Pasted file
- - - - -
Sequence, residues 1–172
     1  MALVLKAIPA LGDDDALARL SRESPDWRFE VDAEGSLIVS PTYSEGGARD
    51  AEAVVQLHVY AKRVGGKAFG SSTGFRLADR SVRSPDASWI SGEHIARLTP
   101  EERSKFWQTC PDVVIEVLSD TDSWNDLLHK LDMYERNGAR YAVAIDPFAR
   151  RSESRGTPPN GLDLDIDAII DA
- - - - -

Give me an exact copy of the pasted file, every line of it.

Sequence, residues 1–172
     1  MALVLKAIPA LGDDDALARL SRESPDWRFE VDAEGSLIVS PTYSEGGARD
    51  AEAVVQLHVY AKRVGGKAFG SSTGFRLADR SVRSPDASWI SGEHIARLTP
   101  EERSKFWQTC PDVVIEVLSD TDSWNDLLHK LDMYERNGAR YAVAIDPFAR
   151  RSESRGTPPN GLDLDIDAII DA